UPDATE: Andrew Bailey leaves game with right elbow discomfort

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Well, this doesn’t sound good.

According to Susan Slusser of the San Francisco Chronicle, Andrew Bailey left today’s game against the Indians in the bottom of the seventh inning due to right elbow discomfort. Bailey was clutching at his elbow before he left the mound.

Of course, Bailey underwent Tommy John surgery back in 2005 and had his elbow cleaned up by Dr. James Andrews last September, so there’s real reason for concern here. Oddly, Slusser notes that the media has already been told that Bailey will not be talking about the injury following the game. This is speculation on my part, but perhaps he is already on his way for testing.

The Athletics stocked up on bullpen help during the offseason by adding Brian Fuentes and Grant Balfour. It’s too soon to say that Bailey will have to miss significant time, but they may need to use every bit of that depth this season.

UPDATE: This isn’t necessarily a good thing, but A’s manager Bob Geren told Jane Lee of MLB.com that Bailey “felt tightness in his forearm area.” He is expected to get checked out either tonight or tomorrow.

UPDATE II: Bailey tells Susan Slusser of the San Francisco Chronicle via text message that he is scheduled to see Dr. James Andrews tomorrow. He is currently feeling both elbow and forearm discomfort.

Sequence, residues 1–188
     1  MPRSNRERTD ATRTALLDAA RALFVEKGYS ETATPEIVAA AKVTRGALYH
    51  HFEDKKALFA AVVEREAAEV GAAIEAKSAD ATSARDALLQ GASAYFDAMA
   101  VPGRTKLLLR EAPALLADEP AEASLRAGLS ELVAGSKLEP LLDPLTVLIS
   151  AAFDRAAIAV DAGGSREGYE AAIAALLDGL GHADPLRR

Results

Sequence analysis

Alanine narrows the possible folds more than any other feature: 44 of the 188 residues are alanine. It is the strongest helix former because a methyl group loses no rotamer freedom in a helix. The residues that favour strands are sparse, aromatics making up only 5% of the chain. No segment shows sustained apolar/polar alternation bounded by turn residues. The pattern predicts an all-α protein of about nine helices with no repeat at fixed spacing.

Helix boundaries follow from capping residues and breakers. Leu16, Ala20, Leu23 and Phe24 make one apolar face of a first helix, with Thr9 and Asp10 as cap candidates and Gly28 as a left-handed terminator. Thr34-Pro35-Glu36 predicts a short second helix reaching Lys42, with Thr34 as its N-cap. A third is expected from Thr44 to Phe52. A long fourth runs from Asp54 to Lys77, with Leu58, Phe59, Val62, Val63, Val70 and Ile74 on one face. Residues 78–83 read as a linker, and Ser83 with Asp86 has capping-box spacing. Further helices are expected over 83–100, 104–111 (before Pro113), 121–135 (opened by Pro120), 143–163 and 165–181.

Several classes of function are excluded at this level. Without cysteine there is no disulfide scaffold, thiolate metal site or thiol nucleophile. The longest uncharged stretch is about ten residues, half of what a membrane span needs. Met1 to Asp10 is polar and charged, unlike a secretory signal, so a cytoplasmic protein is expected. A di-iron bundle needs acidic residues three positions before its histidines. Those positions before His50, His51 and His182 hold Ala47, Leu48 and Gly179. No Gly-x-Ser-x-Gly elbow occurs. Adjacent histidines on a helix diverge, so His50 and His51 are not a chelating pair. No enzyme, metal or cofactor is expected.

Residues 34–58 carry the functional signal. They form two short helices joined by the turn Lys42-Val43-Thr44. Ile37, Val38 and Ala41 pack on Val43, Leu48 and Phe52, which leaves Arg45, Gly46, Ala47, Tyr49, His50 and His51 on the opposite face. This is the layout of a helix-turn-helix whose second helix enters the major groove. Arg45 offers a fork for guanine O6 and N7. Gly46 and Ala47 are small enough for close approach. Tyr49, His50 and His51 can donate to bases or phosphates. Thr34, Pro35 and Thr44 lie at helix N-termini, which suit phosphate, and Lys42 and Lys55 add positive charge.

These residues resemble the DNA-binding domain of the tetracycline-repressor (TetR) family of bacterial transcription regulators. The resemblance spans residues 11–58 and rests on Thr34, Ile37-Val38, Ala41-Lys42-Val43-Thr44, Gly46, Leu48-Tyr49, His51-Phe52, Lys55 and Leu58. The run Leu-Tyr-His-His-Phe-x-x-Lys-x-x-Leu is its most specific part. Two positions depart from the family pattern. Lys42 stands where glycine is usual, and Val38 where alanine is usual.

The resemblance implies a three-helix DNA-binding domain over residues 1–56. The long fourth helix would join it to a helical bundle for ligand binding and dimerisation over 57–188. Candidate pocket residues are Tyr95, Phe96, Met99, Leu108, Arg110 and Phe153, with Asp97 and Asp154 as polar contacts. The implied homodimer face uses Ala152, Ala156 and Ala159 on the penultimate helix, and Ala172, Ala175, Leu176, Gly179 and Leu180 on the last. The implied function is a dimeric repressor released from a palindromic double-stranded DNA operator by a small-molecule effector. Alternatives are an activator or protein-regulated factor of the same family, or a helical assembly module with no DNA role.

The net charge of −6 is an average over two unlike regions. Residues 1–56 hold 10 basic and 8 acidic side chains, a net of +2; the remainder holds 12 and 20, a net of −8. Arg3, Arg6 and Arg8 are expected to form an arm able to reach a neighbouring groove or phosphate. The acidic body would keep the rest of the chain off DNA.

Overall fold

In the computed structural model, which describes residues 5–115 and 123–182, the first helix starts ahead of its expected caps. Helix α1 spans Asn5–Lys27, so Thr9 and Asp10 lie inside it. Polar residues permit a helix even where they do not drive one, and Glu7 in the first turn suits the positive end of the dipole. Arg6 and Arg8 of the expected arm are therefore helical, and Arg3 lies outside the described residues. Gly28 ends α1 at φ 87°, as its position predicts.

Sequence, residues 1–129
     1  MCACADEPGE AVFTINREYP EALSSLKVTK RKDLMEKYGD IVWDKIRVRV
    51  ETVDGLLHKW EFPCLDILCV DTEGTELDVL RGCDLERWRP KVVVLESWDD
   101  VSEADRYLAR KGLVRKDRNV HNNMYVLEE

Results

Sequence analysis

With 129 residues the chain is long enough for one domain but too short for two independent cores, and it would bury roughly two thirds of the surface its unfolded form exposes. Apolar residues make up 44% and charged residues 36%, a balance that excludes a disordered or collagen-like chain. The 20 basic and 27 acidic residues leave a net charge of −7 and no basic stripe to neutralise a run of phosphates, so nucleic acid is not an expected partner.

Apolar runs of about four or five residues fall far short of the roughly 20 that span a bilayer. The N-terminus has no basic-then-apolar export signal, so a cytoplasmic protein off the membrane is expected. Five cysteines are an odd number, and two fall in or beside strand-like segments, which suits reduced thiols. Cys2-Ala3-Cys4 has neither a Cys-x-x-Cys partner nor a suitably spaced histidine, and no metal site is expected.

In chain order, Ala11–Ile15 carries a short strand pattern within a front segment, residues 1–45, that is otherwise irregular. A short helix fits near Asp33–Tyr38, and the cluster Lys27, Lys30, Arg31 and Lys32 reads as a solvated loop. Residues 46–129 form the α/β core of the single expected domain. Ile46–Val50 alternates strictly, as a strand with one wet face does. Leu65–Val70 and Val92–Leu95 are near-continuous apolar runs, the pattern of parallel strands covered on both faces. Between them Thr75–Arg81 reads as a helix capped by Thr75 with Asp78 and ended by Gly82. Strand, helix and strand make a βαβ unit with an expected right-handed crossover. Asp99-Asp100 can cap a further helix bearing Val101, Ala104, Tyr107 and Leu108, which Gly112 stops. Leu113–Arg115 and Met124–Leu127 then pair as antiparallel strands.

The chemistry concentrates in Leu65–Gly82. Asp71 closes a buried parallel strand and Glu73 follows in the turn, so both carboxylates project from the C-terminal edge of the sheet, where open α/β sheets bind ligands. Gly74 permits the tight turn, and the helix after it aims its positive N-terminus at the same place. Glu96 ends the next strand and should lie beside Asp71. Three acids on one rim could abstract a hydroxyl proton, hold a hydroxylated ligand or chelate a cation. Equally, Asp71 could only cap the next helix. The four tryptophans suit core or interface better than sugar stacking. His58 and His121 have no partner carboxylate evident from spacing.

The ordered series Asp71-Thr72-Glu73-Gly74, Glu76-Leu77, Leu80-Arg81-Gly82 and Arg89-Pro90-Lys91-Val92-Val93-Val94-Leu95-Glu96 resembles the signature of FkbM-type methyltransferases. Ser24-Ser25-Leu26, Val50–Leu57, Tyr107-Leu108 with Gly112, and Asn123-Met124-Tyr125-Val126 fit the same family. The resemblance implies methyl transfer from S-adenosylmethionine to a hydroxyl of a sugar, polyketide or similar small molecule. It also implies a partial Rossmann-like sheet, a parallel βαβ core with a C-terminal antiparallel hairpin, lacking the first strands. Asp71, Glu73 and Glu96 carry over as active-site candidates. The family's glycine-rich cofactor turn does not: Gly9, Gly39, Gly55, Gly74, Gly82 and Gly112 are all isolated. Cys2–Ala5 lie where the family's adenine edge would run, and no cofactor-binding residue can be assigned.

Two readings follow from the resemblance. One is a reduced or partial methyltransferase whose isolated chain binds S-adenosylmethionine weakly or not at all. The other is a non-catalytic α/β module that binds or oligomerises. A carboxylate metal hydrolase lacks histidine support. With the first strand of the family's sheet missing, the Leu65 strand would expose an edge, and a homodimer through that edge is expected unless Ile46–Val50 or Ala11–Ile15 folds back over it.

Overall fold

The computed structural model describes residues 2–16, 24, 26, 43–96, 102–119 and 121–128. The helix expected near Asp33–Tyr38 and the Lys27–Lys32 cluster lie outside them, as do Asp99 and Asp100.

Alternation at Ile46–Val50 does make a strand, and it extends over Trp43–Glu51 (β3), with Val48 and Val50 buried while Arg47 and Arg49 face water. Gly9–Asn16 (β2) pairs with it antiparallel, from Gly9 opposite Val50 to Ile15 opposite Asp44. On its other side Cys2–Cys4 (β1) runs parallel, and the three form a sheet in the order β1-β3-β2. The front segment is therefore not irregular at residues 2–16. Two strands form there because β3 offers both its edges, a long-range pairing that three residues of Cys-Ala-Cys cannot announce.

Minor League Baseball eclipses 40 million in attendance for 14th consecutive season

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Minor League Baseball announced on Wednesday that, for the 14th consecutive season, the league has eclipsed 40 million in total attendance. 20 teams set single-game attendance records and seven teams set franchise records for single-game attendance in their current parks.

ESPN’s Keith Law, who has been covering the minor leagues for quite a while, did the math:

Minor League Baseball president and CEO Pat O’Conner, whose most prominent stint in the public eye involved him disingenuously justifying the underpaying of his players, said, “Minor League Baseball continues to be the best entertainment value in sports, and these numbers support that. For us to top 40 million fans for the 14th consecutive season despite the weather challenges our teams faced in April and May is a testament to the continued support of our loyal fan bases and the creative promotions and hard work done by all of our teams across the country.”

Major and Minor League Baseball are quite happy to make money hand over fist on the backs of their players, but are too cheap to pay them adequately for their labor.